I’m a Ford guy. I can’t explain why, except to say that from the time I was a young kid I have always felt more partial to the Blue Oval brand than others. It could be because my dad owned more Fords than other brands. I was one of 6 kids, so we always had large vehicles. I remember going to church in an early 70’s blue Econoline with a 3-on-the-tree shifter. I never got to drive that one, but I remember logging a lot of miles in it. It was replaced by a 1982 brown Econoline powered by a 289 V-8 with a variable venturi carburetor… not one of Ford’s better ideas. This one I did get to drive. When I was a junior higher I convinced my dad to let me move the van from the street to the driveway to put it away for the evening. This became a ritual for me. My dad took me to get my learner’s permit in that van and I went on my first real date in it. It was not what I would call a cool van either, at least not in the sense that van’s were cool at some point in Americana. (Whoa, did I just admit that I was a “van guy”?!?) I also learned the importance of engine oil with that van. Did you know that the engine stops running after a while if it doesn’t have oil?
It could be because my grandfather drove a beat up green 70’s F-100 Ranger (full-size truck, but that was the badging then), and we went everywhere in that truck as well, most notably to the dairy farm to pick up fertilizer (read manure) for my grandparent’s expansive yard. To a young kid, that was an exciting trip. I rebuilt the engine in that truck for an engine class in college. I also inherited it for a while after my grandfather passed away, and had every intention of completely restoring it, but you know how those projects go and the beat-up green hulk didn’t fit my wife’s idea of a good look for the front of our house. It’s still in the family, now parked in front of my cousin’s house.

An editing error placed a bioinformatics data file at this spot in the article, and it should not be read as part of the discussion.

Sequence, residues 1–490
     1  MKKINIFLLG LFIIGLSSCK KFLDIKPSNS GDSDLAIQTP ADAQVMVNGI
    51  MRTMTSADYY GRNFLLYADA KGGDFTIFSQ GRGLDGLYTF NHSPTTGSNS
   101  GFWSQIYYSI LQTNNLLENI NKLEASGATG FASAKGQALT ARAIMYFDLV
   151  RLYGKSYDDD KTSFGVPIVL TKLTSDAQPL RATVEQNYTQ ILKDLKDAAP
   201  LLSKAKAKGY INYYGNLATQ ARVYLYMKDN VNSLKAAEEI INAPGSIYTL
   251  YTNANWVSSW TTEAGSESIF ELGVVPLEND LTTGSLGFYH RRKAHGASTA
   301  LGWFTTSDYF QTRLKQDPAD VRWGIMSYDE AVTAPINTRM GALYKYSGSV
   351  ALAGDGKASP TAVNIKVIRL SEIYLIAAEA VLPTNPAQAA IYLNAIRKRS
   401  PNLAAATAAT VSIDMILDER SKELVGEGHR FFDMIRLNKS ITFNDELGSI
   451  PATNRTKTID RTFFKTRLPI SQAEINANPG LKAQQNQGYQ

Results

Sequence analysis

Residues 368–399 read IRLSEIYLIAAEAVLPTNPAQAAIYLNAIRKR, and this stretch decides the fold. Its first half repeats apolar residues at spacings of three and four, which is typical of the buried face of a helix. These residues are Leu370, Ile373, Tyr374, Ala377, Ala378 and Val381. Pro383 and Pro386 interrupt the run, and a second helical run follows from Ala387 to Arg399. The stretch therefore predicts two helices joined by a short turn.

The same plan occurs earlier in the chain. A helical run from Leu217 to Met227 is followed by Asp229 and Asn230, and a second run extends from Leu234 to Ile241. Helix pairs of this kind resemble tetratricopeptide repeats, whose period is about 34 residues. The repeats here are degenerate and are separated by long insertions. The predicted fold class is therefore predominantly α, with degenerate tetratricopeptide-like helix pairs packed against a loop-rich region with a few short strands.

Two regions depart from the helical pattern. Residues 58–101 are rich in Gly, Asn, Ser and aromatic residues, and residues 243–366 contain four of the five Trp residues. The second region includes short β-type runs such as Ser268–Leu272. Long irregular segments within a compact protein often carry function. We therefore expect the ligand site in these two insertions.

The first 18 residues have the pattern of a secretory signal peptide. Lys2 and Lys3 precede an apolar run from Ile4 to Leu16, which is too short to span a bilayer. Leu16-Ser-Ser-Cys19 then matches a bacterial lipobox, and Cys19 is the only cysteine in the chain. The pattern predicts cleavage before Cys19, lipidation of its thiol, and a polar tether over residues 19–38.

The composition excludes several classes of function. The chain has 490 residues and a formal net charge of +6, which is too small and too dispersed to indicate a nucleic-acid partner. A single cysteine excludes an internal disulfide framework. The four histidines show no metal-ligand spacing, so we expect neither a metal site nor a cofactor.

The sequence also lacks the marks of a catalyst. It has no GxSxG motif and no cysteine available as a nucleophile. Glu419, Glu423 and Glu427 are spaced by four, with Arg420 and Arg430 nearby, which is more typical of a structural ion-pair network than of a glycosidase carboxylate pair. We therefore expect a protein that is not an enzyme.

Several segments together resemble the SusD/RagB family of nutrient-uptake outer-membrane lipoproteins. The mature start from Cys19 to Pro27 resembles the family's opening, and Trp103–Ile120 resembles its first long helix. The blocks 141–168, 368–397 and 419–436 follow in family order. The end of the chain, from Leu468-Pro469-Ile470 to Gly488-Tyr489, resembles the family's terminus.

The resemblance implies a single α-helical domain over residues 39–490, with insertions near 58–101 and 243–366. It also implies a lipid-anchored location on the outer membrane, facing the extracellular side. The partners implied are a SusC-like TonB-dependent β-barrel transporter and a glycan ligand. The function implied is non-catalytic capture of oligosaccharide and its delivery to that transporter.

It could be because the first vehicle that I ever bought with my own money was a 1983 Ranger. I bought it from a friend who was a manager of a local pest company. When I got it both front fenders had been banged up and the brakes were shot. I did a lot to that truck, my favorite being the installation of a turbo 2.3L from a T-Bird Turbo Coupe of the same year.
It could be because my first job in the automotive world was with a company that built Ford 4-cylinder racing engines. I started by sweeping the floors, and learned everything there was to know about the Ford Pinto engines, both the 2.0L and the 2.3L. By the time I left I was building the engines and running them on the dyno. We could get 300 horsepower out of a normally aspirated 2.3, bored and stroked to around 3 liters. I got to experience all forms of racing from off-road to circle track to boats. I still tinker with those engines on occasion.
There have been many Fords in my life including 3 Mustangs, 3 Explorers, 3 Rangers, one Escort, a Tempo, the two vans I mentioned earlier and the F-150 that I drive now. But that doesn’t mean that I have avoided GMs altogether. The first car that I ever owned as my own was a 76 Nova 4-door (cream exterior with plaid interior) which was given to me by my aunt. I drove my other grandfather’s 72 2-door Nova a lot (another 3-on-the-tree), my dad had an S-10 for a while that was kind of fun, and the high school boat of all times was the 76 Oldsmobile Vista Cruiser station wagon… remember the rear facing seat?
I say all this, and I am going to leave today driving my friend’s 2004 LLY GMC Duramax pickup truck, in my opinion one of the best diesel packages available. In my job I have the distinct benefit of driving numerous brand’s and types of vehicles. There are many impressive vehicles under the GM, Dodge and, dare I say, import banners that I deal with on a regular basis. So am I still a Ford guy? Deep down, I guess I am, but I can’t explain why.